You are here

Charter Day's - Free Admission at Historical Sites

In 1681, England’s King Charles II used a charter to grant the land that is now Pennsylvania to founder William Penn.  It is often referred to as the “Penn Charter” or “Pennsylvania’s birth certificate.” Sunday, March 10 is the 332nd birthday of Pennsylvania.

On Charter Day, many of Pennsylvania’s Trails of History sites offer “free admission” in celebration of Pennsylvania’s birthday. Throughout the year, these sites offer special activities and exhibits.  Below is a list of those offering free admission on March 10, 2013:

North West Region

  • Drake Well Museum
  • Erie Maritime Museum

North Central Region

  • Pennsylvania Military Museum

North East Region

  • PA Anthracite Heritage Museum
  • Eckley's Miner Village

South West Region

  • Bushy Run Battlefield
  • Fort Pitt Museum
  • Old Economy Village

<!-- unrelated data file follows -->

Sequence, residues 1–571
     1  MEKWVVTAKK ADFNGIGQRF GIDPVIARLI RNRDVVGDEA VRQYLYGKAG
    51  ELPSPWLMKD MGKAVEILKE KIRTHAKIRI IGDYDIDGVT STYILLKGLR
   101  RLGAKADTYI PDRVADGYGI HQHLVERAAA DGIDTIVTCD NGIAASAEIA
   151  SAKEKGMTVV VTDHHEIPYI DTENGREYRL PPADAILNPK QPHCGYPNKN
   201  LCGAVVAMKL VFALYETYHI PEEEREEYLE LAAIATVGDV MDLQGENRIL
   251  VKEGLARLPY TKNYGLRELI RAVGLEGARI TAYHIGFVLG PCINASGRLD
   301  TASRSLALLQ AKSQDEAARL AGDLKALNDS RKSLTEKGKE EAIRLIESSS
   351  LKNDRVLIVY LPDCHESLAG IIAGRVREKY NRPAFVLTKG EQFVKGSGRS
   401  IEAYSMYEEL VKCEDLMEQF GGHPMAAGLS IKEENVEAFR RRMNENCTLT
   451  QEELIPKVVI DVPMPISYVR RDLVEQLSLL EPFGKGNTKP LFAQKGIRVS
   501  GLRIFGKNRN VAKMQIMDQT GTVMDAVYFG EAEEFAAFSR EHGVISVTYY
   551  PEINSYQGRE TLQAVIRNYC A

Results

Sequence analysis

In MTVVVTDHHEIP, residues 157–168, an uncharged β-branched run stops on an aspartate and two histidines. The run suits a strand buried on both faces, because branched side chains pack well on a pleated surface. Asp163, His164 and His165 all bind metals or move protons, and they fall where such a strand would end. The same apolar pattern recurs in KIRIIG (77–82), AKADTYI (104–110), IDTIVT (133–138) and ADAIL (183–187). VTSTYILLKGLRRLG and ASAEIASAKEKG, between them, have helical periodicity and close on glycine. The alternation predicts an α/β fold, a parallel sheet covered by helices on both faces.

South Central Region

  • Joseph Priestley House

South East Region

Hershey - Lancaster - Reading Area

  • State Museum
  • Cornwall Iron Furnace
  • Ephrata Cloister
  • Landis Valley Village and Farm Museum
  • Railroad Museum of Pennsylvania
  • Conrad Weiser Homestead
  • Daniel Boone Homestead

Philadelphia Countryside

  • Brandywine Battlefield Park
  • Graeme Park
  • Washington Crossing Historic Park
  • Pennsbury Manor

The State Museum of Pennsylvania, adjacent to the State Capitol in Harrisburg, will display the original Penn Charter for one week beginning March 10, 2013. The Museum also offers exhibits examining the dawn of geologic time, the Native American experience, the colonial and revolutionary era, a pivotal Civil War battleground, and the Commonwealth’s vast industrial age.

In Pennsylvania, all roads lead to history. To help find your path, Pennsylvania’s Trails of History lead you through our nation’s farming, industrial, military and community roots. Explore one site at a time, travel an entire trail, or create your own roadtrip to Pennsylvania and our nation’s past.  To learn more about Pennsylvania’s Trails of History, click here or follow the PA Trailheads blog